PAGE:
Maltose is the hydrolysis product of starch and glycogen and is found mainly in malted grains. Based on our comprehensive carbohydrate metabolism analysis solutions, CD BioGlyco provides maltose analytical services for cooked sweet potatoes, wheat, fruit juice, nectar, and other samples.
Maltose is a disaccharide formed by the condensation of two units of glucose through α-(1,4) glycosidic linkage. It was first discovered by the French scientist Augustin-Pierre Dubrunfaut but was not widely accepted. It wasn't until 1872 that Irish chemist Cornelius O'Sullivan confirmed the existence of maltose. Maltose is an important biochemical substrate in the glucose chain, which can be prepared by the hydrolysis of starch and exists in foods such as potatoes and cereals. In the food industry, maltose is prepared into maltose syrup and is widely used in bread, beer, fruit juice, and other foods. In the pharmaceutical industry, maltose can be used as an intravenous solution to inhibit bacterial growth. And maltose syrup can be used as a medicine to promote gastrointestinal motility.
Fig.1 Maltose structure. (Wikipedia)
Like glucose, maltose is a reducing sugar that can be broken down by maltase to produce glucose. In E. coli, maltose enters the cytoplasm and is disproportionated to produce glucose and glycosylated receptor molecules. Glucose phosphorylation and phosphorolysis of glucosylated receptors produce hexose phosphates. In the human body, maltose is broken down by various maltase enzymes to produce glucose molecules. Glucose is broken down to provide energy for the body or stored as glycogen. In plants, maltose is abundantly present in malt as a product of β-amylase degradation of starch.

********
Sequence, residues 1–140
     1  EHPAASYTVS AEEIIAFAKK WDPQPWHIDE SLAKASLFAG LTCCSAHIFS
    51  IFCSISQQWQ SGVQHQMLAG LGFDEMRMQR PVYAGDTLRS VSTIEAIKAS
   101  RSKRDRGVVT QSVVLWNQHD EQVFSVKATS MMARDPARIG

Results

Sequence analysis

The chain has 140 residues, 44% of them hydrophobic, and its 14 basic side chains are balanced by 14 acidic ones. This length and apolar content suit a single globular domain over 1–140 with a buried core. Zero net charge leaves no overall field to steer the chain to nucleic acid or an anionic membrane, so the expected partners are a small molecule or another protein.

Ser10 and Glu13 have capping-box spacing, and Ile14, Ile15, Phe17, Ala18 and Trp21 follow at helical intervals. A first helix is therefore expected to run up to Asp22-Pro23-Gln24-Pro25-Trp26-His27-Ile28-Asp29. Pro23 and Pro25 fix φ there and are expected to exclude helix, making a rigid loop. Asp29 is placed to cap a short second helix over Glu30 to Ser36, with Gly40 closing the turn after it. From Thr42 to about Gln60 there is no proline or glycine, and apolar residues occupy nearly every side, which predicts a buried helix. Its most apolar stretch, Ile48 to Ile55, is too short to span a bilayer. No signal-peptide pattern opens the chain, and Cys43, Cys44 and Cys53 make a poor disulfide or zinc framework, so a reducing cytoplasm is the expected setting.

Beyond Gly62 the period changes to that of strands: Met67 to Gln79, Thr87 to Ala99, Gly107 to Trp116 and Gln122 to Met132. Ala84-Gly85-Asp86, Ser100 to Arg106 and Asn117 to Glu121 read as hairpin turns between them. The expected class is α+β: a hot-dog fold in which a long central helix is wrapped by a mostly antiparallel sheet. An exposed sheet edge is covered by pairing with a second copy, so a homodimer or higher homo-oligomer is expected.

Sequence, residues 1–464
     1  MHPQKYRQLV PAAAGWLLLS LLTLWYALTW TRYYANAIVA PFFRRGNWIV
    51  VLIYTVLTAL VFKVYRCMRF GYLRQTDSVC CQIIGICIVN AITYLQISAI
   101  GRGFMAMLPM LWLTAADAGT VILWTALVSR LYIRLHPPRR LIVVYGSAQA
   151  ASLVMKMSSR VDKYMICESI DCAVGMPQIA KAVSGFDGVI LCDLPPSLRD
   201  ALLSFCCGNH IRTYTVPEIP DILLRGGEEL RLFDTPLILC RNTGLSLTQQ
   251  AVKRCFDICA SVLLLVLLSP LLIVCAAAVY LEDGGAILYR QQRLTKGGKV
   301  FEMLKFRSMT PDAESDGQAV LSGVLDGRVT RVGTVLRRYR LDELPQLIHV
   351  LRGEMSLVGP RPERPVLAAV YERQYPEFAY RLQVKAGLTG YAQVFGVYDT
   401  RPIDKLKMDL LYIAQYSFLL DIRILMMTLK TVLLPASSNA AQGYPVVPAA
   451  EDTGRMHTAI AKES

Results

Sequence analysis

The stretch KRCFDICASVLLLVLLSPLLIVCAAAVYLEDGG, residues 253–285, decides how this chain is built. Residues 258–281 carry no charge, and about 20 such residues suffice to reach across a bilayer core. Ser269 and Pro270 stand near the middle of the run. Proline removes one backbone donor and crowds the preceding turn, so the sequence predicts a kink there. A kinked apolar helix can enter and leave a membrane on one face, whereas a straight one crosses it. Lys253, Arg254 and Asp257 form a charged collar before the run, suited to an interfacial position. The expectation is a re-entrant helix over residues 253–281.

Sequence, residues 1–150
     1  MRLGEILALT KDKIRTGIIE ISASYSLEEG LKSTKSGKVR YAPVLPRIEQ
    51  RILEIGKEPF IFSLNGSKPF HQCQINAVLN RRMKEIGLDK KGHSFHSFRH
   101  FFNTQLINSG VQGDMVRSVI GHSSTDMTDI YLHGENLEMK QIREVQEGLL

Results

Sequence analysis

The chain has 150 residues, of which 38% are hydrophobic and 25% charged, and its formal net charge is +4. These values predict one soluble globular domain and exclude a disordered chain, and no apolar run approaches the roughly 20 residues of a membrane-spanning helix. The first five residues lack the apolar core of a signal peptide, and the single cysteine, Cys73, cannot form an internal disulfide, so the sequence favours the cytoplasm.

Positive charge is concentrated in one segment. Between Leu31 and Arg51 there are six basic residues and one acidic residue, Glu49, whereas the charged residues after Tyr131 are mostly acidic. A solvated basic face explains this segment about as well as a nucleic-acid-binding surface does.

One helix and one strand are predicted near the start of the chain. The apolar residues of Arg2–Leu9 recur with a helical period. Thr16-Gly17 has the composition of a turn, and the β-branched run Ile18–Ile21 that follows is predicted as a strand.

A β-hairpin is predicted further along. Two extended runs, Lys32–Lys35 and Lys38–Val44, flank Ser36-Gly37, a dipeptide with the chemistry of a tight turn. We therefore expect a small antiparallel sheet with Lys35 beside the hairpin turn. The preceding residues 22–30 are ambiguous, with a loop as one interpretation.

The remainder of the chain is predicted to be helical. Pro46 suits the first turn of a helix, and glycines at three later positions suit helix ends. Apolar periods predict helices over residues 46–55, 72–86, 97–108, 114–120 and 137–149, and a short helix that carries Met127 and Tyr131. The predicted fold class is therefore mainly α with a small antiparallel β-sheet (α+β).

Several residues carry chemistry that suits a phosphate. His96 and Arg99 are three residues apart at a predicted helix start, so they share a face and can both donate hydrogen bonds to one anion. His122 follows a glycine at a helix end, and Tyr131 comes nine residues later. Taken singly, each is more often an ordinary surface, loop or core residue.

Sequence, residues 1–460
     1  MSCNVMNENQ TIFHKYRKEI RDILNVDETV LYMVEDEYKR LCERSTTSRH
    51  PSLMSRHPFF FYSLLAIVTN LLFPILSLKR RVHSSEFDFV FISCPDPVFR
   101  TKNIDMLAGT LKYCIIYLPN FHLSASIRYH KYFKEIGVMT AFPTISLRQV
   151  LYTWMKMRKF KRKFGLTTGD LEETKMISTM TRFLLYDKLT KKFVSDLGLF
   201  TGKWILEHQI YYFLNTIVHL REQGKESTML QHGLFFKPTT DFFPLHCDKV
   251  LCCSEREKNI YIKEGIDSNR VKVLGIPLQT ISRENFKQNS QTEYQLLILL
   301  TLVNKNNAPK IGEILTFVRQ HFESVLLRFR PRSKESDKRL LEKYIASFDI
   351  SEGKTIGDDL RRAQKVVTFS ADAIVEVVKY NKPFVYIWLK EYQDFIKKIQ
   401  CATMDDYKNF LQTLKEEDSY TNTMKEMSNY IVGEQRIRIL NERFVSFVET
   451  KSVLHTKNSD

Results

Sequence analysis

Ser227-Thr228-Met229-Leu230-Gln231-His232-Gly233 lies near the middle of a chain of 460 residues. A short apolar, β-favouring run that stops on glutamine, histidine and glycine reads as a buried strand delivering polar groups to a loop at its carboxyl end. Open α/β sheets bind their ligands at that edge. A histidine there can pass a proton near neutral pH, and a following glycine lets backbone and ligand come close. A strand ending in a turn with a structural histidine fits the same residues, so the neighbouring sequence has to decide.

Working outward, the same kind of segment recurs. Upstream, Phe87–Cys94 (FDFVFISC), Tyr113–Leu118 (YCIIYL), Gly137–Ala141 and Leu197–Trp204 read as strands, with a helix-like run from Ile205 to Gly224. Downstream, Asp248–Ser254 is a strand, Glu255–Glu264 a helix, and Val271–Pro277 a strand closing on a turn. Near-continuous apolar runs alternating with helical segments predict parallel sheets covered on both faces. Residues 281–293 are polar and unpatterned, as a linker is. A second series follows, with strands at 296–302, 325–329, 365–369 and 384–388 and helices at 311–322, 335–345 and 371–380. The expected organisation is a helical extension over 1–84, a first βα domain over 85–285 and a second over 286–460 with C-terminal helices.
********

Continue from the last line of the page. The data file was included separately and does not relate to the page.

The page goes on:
Fig.2 Proposed pathways for maltose metabolism in E. coli and Arabidopsis. (Ruzanski, 2013)
At CD BioGlyco, we have developed complete Carbohydrate Metabolism Analysis solutions, providing maltose analysis services for cooked sweet potatoes, wheat, fruit juice, nectar, and other samples. Our methods include:
HPLC is the most commonly used technique for determining the content of maltose, sucrose, glucose, etc. in samples. This method has shown the advantages of being precise, selective, and sensitive. We can determine maltose content by HPLC in cooked sweet potatoes, wheat, fruit juice, nectar, and other samples. Our detectors include refractive index detection (RID) and evaporative light scattering detector (ELSD).
HPAEC-PAD can direct determine carbohydrate content without derivatization and simple sample handling. We can determine maltose content in dietary supplements by HPAEC-PAD.
CD BioGlyco has been committed to carbohydrate metabolism research for many years and accumulated rich experience. We provide accurate and reproducible maltose analysis services for our clients. If you are interested in our services, please feel free to contact us, we are looking forward to being your research assistant in the field of carbohydrate metabolism analysis.